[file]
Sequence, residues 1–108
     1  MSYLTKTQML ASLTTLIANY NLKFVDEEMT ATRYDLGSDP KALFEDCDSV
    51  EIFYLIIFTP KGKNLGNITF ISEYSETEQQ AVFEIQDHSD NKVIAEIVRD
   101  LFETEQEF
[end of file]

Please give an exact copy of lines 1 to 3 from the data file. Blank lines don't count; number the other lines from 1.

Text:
Sequence, residues 1–108
     1  MSYLTKTQML ASLTTLIANY NLKFVDEEMT ATRYDLGSDP KALFEDCDSV
    51  EIFYLIIFTP KGKNLGNITF ISEYSETEQQ AVFEIQDHSD NKVIAEIVRD